Realignment behind the rhetoric?
Perhaps the most interesting feature of President Cristina Fernández de Kirchner’s nationwide broadcast on Wednesday was not so much the latest conspiracy theory (“destabilization” is a facile explanation for post-devaluation problems) as the repeated winks towards the Radicals — a potential redesign of the political chessboard in the making. Using the economic consultant Miguel Bein (who served in both the Radical-led administrations since 1983) as an independent witness for her claims that the money markets sought to “blow her government to smithereens” a fortnight ago might have been an accident but hailing Ignacio Barrios Arrechea (son of a former Radical governor of Misiones) as a price hero within the business community looks like deliberate strategy. Presenting speculation as destabilization could be mere rhetoric — far clearer and bigger speculative attacks elsewhere (as when George Soros pulverized the British and Italian currencies in 1992) have been taken by the target governments as an economic fact of life rather than subversion — but the overture to the Radicals is worth exploring further.
This budding strategy might just be a rapid response to two significant developments this week — Merlo Peronist Mayor Raúl Othacehé’s defection to Sergio Massa’s Renewal Front and UNEN leader Elisa Ca-rrió’s decision to drop her previous weak resistance to the PRO centre-right party’s participation in the primaries of that umbrella opposition grouping. Othacehé seems the tip of a huge iceberg heralding the eventual exit of a traditional Peronist party machine which no longer guarantees triumph, even if loyal, on the basis of last year’s electoral results. Why resist the inevitable and at the same time allow PRO and UNEN to close ranks? The progressive wing of the Peronist movement is surely more ideologically congenial to some sectors of Radicals and Socialists of UNEN than City Mayor Mauricio Macri’s PRO — if PRO is no longer taboo, then why shun Kirchnerism minus the Peronist old guard drifting to Massa (who loses in “renewal”cross-party image what he gains in clout)?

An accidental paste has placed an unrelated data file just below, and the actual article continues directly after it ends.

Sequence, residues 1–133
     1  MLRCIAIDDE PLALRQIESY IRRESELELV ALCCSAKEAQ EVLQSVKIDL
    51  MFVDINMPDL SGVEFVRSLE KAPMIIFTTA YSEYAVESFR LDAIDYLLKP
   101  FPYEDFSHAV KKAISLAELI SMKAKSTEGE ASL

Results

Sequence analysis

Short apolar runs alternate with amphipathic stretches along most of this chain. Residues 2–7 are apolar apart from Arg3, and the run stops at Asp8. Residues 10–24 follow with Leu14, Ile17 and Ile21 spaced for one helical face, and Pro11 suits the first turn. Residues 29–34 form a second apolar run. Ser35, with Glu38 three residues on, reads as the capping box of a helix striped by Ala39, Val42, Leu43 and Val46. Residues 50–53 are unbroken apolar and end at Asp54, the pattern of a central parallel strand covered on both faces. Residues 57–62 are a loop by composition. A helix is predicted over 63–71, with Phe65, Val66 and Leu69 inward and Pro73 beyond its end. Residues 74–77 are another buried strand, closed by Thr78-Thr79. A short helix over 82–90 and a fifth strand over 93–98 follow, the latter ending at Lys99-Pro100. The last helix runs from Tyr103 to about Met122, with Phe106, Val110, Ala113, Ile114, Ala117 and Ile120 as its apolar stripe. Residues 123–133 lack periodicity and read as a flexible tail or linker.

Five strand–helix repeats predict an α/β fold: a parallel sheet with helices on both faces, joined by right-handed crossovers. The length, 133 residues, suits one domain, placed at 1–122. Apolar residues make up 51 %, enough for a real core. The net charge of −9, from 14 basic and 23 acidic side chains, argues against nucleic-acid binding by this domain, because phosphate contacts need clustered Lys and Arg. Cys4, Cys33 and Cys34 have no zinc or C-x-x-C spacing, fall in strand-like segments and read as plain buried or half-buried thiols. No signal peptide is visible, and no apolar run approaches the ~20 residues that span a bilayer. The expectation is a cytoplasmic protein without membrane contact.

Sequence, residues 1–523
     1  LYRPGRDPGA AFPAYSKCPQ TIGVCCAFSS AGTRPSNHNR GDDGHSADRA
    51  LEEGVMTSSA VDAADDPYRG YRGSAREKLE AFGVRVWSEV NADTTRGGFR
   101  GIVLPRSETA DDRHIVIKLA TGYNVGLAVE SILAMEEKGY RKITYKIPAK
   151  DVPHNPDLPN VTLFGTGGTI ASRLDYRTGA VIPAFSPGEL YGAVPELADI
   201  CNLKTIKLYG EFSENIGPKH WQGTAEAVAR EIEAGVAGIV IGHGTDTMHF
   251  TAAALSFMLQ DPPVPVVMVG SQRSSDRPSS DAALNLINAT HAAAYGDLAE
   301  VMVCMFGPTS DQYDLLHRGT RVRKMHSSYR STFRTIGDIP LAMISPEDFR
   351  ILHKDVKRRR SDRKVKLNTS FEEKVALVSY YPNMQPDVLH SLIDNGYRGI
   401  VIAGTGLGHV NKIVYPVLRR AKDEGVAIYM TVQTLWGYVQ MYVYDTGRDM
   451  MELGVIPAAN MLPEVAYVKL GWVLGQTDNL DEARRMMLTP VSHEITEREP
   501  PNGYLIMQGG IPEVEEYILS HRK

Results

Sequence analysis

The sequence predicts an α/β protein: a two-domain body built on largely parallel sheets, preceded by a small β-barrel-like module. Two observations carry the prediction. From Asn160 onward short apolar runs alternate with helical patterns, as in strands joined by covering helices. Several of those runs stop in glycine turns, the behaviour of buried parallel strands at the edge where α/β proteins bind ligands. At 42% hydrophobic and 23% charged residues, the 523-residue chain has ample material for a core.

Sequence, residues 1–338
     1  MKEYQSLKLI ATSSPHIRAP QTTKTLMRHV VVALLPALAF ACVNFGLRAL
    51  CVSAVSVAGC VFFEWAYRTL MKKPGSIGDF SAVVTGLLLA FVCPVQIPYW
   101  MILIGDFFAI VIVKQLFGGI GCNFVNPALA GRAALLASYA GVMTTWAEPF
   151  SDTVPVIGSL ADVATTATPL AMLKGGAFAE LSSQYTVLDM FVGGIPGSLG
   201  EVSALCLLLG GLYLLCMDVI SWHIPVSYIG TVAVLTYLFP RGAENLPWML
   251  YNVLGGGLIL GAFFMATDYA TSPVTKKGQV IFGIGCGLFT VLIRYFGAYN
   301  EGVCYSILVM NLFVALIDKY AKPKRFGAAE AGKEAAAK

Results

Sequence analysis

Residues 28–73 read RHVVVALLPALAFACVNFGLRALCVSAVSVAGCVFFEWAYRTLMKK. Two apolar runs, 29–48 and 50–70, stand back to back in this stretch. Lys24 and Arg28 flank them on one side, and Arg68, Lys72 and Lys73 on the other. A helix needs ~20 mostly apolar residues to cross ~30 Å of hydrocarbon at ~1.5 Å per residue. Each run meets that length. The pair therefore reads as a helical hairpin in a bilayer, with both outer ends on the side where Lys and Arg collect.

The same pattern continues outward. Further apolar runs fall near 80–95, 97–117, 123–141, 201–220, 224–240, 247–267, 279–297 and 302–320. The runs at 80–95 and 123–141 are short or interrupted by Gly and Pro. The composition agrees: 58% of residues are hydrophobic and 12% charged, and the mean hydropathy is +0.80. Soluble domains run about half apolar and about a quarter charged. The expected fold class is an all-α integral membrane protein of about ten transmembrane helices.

If outreach to the Radicals is the plan, what is the aim? A rerun of the 1993 Olivos Pact between Carlos Menem and Raúl Alfonsín (with the latter’s son) for an extra presidential term would be over-ambitious. Most likely the purpose would be new battle lines for the 2015 elections but if the overtures were to seek a political and social consensus against economic instability (whatever its causes), this would be very welcome maturity.